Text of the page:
A Few Things I’ve Learned About What It Takes to Become a Patient-Centered Organization – Learning #1

In October of last year, I had the honor of delivering a keynote address for the 2015 PFCC VisionQuest in Pittsburgh, PA. I structured my talk around four key points that I’ve learned over the years as I’ve engaged with healthcare organizations regarding Patient Experience and culture change.

Since I delivered my talk, I’ve come to realize that providing learnings is not enough. Those in attendance may have found inspiration from my talk, but I could have done more to provide them with sufficient detail to do something differently!

Over the next 6 weeks, I’d like to follow up on my talk with reminders of the four points I made, coupled with behaviors and tactics that naturally follow from these learnings. This week’s takeaway focuses on patient satisfaction.


Learning #1: Patient satisfaction should not be the goal of a healthcare organization.

The objects and measures of success for a healthcare organization should extend past patient satisfaction and should include patient activation, patient engagement, and patient loyalty. Patient satisfaction may be fleeting and an insufficient driver of lasting effects.

Implications: Engage patients and their families in shared decision making. This may take the form of providing decision aids; involving a variety of personnel to spend time with patients discussing their condition, prognosis, and options; and, using evolving technologies to continue discussions outside of clinical appointment times. Caregiver-patient interactions should focus on identifying patients’ goals, not lecturing patients about the goals identified by guidelines. What is realistic for a given patient? What is attainable? What is unacceptable from a clinical perspective? How can a patient goal (e.g., wanting to attend a loved one’s wedding or graduation) provide inspiration and continued motivation for attaining clinically meaningful goals? Caregivers should document patient goals, distribute them among members of the organization, and ensure that subsequent communication refocuses activities on achieving them.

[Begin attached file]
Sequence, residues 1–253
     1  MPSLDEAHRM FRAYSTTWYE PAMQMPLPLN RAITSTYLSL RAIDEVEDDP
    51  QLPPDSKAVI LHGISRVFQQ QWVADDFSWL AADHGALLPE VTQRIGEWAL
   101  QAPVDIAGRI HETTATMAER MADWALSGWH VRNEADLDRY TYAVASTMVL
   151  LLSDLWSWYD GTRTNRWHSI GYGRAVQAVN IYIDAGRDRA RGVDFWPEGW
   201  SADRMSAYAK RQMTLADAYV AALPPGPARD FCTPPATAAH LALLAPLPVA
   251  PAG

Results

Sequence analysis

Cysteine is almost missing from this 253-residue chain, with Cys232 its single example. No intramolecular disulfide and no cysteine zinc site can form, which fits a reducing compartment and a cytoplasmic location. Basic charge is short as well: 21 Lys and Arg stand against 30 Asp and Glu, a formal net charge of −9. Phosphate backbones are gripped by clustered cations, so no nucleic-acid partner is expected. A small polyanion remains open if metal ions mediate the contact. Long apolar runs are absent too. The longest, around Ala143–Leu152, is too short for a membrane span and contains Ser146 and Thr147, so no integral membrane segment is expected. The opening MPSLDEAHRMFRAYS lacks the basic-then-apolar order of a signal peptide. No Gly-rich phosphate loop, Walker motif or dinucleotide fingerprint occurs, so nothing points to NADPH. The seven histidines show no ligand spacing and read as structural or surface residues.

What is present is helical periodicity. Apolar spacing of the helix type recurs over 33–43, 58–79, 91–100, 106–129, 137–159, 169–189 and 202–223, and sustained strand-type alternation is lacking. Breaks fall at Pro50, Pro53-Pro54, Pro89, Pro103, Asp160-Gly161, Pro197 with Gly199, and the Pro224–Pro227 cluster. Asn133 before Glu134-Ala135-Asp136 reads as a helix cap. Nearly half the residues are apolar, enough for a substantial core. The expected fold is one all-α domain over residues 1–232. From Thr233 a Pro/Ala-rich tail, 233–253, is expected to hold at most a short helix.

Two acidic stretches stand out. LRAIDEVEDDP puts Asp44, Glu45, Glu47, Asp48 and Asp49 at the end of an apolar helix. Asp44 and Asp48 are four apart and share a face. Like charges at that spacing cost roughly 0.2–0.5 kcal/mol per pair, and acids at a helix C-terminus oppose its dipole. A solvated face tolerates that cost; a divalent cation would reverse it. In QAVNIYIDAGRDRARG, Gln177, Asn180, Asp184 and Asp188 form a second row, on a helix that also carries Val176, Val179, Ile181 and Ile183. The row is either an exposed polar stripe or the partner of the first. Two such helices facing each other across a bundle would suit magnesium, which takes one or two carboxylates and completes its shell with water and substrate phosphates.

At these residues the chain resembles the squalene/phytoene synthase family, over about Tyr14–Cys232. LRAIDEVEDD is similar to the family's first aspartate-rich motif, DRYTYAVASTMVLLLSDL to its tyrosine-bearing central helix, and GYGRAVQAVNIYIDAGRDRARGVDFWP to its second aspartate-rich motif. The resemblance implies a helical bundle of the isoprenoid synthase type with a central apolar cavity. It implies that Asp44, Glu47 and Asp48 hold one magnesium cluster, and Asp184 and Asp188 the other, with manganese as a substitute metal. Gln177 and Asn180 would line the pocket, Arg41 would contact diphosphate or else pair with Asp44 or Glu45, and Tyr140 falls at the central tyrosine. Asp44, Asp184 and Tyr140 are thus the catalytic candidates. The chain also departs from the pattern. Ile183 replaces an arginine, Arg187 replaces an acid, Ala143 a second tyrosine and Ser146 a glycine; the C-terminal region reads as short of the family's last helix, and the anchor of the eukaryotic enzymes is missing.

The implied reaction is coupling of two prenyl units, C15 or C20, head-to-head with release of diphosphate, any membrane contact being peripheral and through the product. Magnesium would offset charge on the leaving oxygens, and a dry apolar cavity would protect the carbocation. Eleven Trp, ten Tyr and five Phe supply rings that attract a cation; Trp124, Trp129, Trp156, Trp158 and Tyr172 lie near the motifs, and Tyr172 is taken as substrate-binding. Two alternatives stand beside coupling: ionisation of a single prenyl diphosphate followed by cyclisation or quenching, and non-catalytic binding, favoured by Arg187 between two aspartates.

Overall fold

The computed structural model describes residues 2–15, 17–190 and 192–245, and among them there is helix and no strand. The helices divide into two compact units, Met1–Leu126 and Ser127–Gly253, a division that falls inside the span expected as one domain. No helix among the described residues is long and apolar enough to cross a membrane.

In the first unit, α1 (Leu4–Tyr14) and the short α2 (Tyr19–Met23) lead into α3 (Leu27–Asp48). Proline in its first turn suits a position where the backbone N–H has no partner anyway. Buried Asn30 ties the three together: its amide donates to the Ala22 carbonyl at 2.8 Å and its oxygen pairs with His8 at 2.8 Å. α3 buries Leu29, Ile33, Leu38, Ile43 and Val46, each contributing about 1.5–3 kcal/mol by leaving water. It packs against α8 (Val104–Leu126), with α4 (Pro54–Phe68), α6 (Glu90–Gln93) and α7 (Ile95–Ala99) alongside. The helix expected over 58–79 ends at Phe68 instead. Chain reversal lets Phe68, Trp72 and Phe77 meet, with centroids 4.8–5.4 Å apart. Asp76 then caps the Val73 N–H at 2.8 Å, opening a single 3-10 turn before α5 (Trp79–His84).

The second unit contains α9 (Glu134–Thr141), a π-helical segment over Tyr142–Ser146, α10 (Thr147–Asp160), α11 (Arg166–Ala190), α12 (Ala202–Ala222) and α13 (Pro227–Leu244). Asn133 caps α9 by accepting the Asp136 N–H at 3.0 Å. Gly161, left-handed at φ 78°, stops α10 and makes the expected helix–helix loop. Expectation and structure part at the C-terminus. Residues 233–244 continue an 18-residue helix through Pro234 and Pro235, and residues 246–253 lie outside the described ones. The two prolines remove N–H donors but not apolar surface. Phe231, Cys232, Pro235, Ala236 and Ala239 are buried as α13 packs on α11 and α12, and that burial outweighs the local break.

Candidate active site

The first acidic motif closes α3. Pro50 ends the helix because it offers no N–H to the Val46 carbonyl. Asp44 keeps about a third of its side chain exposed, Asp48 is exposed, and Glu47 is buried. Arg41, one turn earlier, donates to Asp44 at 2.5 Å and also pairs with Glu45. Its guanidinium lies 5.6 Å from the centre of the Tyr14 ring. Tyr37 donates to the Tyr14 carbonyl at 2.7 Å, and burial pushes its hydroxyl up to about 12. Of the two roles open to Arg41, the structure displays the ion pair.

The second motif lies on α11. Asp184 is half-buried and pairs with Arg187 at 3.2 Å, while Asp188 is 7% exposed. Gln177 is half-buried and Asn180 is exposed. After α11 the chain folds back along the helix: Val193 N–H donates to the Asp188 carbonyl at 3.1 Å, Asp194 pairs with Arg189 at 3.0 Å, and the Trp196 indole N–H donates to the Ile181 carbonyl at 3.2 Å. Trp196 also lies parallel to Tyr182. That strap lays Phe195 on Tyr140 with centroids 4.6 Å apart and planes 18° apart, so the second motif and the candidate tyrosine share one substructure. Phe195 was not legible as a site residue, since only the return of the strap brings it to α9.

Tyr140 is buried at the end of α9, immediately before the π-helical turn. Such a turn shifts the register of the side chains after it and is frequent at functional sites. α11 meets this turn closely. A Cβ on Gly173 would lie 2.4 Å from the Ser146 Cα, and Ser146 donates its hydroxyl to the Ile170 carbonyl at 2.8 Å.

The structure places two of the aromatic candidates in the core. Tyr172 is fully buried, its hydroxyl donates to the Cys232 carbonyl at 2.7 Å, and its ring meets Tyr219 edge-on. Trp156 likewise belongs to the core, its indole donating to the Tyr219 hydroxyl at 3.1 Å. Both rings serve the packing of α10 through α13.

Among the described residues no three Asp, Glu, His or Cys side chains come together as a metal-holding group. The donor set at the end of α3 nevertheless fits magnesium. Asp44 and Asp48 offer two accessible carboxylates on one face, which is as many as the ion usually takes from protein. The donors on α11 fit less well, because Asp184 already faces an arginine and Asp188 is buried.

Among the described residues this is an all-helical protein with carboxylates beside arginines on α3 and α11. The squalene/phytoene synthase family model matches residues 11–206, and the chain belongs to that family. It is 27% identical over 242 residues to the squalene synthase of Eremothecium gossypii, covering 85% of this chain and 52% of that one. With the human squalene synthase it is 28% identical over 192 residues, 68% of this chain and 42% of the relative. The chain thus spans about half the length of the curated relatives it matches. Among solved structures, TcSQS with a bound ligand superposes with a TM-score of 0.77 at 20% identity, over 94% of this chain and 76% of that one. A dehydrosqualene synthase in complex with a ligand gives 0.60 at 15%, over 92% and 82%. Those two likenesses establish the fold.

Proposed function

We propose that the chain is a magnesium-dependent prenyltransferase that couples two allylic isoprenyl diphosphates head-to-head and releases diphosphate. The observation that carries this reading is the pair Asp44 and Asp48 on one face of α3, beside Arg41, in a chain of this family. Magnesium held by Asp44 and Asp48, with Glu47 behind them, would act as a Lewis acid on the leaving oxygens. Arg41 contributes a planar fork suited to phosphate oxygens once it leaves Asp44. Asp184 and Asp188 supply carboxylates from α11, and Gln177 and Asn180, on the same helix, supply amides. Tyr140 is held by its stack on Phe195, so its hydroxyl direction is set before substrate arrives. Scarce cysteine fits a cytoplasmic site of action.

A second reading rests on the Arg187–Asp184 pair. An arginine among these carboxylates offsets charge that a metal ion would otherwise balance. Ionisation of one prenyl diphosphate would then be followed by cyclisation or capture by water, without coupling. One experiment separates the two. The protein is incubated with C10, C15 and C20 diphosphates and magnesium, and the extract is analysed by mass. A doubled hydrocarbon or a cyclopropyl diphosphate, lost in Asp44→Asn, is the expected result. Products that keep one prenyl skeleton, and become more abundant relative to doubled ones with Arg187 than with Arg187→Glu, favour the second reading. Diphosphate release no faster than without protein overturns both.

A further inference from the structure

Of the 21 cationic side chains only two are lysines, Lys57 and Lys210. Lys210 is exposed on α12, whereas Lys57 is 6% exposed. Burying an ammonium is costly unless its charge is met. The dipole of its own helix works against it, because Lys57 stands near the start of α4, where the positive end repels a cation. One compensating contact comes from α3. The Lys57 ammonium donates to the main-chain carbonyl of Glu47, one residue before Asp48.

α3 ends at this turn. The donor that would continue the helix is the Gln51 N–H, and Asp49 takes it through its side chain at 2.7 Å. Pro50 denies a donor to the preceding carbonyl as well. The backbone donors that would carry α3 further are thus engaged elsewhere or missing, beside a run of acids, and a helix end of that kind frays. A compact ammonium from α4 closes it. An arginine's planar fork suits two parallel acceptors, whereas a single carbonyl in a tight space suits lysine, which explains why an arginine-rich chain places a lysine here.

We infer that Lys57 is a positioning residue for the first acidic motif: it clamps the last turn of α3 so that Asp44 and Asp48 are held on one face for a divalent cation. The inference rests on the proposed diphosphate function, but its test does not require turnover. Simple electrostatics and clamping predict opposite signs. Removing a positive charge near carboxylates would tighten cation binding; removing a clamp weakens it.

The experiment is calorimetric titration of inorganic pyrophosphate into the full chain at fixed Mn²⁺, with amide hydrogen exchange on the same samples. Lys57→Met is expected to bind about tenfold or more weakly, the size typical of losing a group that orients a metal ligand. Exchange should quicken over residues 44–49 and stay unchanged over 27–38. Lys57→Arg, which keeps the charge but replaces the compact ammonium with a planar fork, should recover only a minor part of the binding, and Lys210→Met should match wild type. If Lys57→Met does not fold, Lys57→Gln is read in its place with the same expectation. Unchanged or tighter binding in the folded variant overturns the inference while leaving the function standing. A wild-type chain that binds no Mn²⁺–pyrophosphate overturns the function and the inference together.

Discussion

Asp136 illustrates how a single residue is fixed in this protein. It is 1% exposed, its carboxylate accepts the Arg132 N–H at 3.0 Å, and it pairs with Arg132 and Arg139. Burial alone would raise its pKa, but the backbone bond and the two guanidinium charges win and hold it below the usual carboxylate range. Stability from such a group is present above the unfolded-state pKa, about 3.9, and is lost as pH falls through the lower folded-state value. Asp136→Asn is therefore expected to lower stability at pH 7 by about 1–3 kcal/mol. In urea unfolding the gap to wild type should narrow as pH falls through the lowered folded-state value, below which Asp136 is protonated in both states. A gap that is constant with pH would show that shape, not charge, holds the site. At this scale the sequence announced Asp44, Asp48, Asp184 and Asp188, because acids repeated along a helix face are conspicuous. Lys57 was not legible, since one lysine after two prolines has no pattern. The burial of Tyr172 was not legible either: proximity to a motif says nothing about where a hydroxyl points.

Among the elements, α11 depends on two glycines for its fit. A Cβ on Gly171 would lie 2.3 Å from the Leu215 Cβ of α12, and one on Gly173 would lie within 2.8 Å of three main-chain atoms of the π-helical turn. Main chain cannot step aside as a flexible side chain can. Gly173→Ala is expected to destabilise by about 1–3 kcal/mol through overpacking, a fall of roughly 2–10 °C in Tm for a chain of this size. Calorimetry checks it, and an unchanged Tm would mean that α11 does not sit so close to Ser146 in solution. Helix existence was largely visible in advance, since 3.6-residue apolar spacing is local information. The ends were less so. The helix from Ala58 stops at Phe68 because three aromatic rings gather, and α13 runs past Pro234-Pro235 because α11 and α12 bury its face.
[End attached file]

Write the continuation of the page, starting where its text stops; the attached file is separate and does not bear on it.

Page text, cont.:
Reframing discussions of patient satisfaction to patient engagement and understanding what patients and their families experience while under you care helps to move away from objections and stalemates. We’ve all heard “We’ve tried this and that,” “We have a long history of patient satisfaction programs,” and “I’m here to save their ass, now I have to kiss their ass too?” Some organizations have too long of an organizational memory, such that it inhibits the ability to move forward and to effect lasting change. Thus, move the discussion away from patient satisfaction, which has fleeting associations with behavioral changes, to engagement and activation. These are the terms that will connect patient experience initiatives to safety, clinical outcomes, costs, and other metrics to align your efforts with others in your organization.

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